23 September 2021 (Juba/Geneva) – By diverting staggering amounts of money and other wealth from South Sudan’s public coffers and resources, South Sudan’s leaders are undermining human rights and endangering security, the Commission on Human Rights in South Sudan has found in its latest Conference Room Paper presented to the Human Rights Council in Geneva today.
According to investigations carried out by the Commission over the past two years, more than $73 million USD was diverted since 2018, including transactions worth almost $39 million USD in a period of less than two months. The Commission noted that this figure is only a fraction of the overall amount looted; as President Salva Kiir himself admitted as far back as 2012, South Sudan’s ruling elites had diverted more than $4 billion USD.
The Commission is mandated to monitor and report on the human rights situation in South Sudan, and to clarify responsibility for alleged violations and related crimes, as well as to make recommendations to improve the situation. In its Conference Room Paper, the Commission has highlighted how the systematic, illicit diversion of State resources has severely undermined the economic, social and cultural rights of citizens. This plundering also continues to fuel political competition amongst elites, and is a key driver of the on-going conflict, violations and serious crimes, jeopardising the prospects for sustainable peace.
The Commission’s recommendations aimed at the Government of South Sudan seek to ensure that the State is able to protect and fulfil the rights of its citizens.
The Commission’s Conference Room Paper also highlights that South Sudan’s elites have deliberately adopted a highly informal system of oil revenue collection, in which the absence of independent oversight and transparency facilitates and enables the misappropriation of public funds. Similarly flawed, non-transparent processes for contract payments, procurements, and revenue are operated illicitly to divert non-oil revenues. In just one emblematic case, the Commission revealed how a single payment made unlawfully in May 2018 by the Ministry of Finance to Sudanese businessman Ashraf Seed Ahmed Al-Cardinal, also known as “Al Cardinal”, represented a staggering 21.6 per cent of South Sudan’s total budget for the “Use of Goods and Services” and “Capital Expenditure” for the entire 2018/2019 fiscal year.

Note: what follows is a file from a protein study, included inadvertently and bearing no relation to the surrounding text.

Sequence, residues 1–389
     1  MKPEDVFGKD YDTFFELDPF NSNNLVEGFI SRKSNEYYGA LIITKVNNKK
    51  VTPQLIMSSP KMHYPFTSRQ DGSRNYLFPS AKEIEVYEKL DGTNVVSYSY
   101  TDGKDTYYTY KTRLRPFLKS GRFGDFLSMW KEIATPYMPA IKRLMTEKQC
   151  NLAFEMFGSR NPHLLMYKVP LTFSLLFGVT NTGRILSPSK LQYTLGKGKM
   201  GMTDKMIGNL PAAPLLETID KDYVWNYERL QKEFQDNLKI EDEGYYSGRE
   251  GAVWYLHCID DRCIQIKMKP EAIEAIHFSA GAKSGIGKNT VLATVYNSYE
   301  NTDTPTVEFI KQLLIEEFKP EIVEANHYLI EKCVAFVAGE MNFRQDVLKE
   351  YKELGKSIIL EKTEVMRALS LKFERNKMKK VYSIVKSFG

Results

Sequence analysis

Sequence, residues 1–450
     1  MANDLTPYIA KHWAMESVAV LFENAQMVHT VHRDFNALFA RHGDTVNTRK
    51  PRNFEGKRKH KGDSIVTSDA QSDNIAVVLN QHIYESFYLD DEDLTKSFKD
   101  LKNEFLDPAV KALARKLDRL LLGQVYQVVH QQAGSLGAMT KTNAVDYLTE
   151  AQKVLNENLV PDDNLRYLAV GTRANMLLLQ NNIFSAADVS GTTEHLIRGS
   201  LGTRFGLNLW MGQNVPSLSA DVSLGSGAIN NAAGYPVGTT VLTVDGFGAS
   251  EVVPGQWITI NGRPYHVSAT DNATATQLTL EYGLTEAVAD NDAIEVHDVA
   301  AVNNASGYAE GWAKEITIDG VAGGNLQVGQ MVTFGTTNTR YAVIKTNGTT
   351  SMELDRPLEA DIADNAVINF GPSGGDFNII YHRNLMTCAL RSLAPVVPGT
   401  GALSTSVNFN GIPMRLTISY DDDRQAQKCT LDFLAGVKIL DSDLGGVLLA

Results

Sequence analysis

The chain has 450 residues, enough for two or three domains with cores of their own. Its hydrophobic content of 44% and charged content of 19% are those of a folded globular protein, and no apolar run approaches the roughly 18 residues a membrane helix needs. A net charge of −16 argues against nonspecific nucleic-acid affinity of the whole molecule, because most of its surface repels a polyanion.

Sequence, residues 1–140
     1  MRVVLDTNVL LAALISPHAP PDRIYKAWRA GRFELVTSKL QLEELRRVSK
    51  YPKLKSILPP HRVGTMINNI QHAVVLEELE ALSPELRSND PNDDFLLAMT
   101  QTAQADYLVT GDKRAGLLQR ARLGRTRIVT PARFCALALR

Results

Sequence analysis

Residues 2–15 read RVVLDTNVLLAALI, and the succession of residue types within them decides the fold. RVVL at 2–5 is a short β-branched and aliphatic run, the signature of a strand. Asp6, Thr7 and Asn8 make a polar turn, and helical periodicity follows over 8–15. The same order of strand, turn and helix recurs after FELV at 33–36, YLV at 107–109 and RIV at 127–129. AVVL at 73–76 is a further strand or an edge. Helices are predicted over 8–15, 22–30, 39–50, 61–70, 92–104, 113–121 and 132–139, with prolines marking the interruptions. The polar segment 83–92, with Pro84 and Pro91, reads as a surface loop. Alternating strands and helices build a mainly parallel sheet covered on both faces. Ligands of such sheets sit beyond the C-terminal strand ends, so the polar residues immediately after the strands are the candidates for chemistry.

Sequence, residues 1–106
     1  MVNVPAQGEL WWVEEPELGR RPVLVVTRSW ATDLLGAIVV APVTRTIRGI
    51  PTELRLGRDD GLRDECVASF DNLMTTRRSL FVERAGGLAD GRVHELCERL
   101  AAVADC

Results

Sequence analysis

“The Commission’s documentation of the corruption, embezzlement, bribery, and misappropriation of State funds by political elites is merely the tip of the iceberg”, stated Commission Chair Yasmin Sooka. “Our investigations traced exactly how this money is being diverted, and our findings revealing the patterns and trends of the embezzlement include the involvement of politicians, Government officials, international corporations, military personnel, and multinational banks in these crimes. The Ministry of Finance and Economic Planning, the National Revenue Authority, and a number of foreign corporations have all been complicit in this”, she added.
The Commission’s Conference Room Paper also emphasises and draws a link between the illicit diversion of funds and the inadequacy of resources available to public authorities to fulfil their legal obligations to provide for the enjoyment of economic, social and cultural rights of citizens.